Dear Francine,

Absolutely you should have your soil tested. Just because the land supports oak trees doesn't mean it will be good enough for the plants you would like to grow in your garden. The fact that you have sandy soil is a good thing, but also not such a good thing. Sandy soil is often poor, in part due to how quickly nutrients can leach out of it, but it is much easier to improve than heavy clay soil. Basically what you need to do is add lots of organic material to it, and adjust the pH and nutrient levels according to the recommendations that should accompany the results of your soil test. In a few years, if you work hard at it, you may be growing on black soil again. What I'd like to know is, if you plan to clear some of your land to create garden spaces, how you intend to remove all those tree roots.

Dear Victory Garden

What can one put in the bottom of containers instead of soil to keep them from getting so heavy? I have heard of people using styrofoam peanuts. Then I was told that they give off a gas and should not be used. What is a good alternative? — Donnie, San Antonio, Texas

Dear Donnie,

I have often faced this problem myself. Most of the annuals I use in ornamental containers require only a foot or so of vertical root space, but the wider the diameter of a typical pot, the greater its height. Since wide is good for stunning arrangements, large pots get too heavy to lift if they are filled from top to bottom with saturated potting soil. I have remedied the situation in a couple of ways. I sometimes use pots that are not of the "standard" type, but proportioned like an "azalea" pot, a cactus planter, or a bulb pan. If the container display needs to be presented at a greater height than these other types of pots allow, I can sit them on another empty inverted pot. Or I can partway fill a standard pot with bark chips -- or even (free!) wood chips if they are available. Sometimes I invert used plastic cell-packs or small pots on the bottom of the container before adding chips. Styrofoam peanuts are to be avoided for any number of reasons.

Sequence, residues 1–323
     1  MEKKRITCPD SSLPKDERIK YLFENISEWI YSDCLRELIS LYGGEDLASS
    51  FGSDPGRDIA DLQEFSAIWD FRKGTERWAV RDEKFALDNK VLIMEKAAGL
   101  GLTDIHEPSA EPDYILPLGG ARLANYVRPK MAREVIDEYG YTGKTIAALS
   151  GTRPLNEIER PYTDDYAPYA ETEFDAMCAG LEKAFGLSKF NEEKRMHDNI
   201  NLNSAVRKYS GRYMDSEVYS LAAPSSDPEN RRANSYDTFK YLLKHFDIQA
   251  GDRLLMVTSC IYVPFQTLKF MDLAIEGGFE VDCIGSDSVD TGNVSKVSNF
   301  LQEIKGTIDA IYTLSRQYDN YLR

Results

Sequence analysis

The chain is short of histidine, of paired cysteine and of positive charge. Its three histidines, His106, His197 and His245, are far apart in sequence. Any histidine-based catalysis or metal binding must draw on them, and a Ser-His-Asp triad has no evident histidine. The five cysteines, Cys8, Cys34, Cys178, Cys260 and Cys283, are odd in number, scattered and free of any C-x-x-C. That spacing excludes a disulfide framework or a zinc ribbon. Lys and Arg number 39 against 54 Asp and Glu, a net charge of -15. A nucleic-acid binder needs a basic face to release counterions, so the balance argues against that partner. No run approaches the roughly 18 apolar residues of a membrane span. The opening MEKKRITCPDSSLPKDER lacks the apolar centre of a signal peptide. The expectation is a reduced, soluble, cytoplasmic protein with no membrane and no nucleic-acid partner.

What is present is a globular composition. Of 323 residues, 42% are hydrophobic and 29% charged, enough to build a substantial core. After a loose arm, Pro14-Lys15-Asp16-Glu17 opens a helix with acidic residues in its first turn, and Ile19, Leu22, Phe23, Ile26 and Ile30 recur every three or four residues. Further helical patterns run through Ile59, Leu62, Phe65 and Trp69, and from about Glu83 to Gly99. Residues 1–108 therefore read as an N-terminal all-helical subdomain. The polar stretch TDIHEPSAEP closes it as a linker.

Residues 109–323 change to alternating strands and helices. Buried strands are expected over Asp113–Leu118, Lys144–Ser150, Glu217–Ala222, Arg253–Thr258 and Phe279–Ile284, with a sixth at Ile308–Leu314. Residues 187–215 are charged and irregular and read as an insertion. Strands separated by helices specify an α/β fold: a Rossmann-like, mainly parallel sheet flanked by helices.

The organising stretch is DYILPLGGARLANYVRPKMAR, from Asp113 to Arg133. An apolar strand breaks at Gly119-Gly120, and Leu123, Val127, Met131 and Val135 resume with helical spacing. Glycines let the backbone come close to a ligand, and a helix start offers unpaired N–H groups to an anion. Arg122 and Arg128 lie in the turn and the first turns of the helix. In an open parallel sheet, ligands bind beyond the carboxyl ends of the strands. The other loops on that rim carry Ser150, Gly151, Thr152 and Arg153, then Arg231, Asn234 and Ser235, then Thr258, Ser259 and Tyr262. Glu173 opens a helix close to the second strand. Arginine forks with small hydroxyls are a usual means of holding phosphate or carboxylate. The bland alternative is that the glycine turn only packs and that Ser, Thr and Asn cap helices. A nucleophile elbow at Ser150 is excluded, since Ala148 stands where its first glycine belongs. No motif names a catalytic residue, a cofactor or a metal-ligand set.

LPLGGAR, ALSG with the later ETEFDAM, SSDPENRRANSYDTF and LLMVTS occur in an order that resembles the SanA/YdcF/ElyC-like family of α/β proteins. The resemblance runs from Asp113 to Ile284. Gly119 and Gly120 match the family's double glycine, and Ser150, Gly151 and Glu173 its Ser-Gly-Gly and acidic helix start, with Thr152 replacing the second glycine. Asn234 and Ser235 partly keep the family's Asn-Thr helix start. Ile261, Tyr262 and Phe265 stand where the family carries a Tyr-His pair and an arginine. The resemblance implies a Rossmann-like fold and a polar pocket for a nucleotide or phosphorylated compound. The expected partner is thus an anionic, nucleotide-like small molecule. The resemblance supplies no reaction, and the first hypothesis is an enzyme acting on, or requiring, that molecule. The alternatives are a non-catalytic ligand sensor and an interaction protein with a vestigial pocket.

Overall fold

Dear Victory Garden

I am a 24-year-old young man who wants to do what you do. Why? Because I've liked plants since I was a little boy. I know I'm getting a late start in this career field. Do you have any advice to get started? What type of education do I need and what kind of internships? What type of job can I expect to get in this field? And is there growth in this field of work? — Nicholas, Huntington Park, California

Dear Nicholas,

The best school of gardening is that of experience: I started gardening with my grandfather at age five and have been learning ever since. Since you are starting considerably later in life, I would suggest one of two things: getting a job with a landscaping firm, or attending classes at one of the many community colleges or other educational organizations which offer courses in horticulture. Personally, the former has more appeal for me: I like the idea of learning on the job and getting paid to do it. Obviously, as a beginner, you will need to start at the bottom of the ladder in terms of pay, which will probably mean a lot of time behind the mower, weeding, or doing other basic tasks. But if you're interested, pay attention, and learn from the other people around you. You can quickly and easily move up the pay scale. There are a lot of people out there more than willing to pay upwards of $30 per hour for a skilled horticulturist who really knows his business.

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Updated April 2, 2009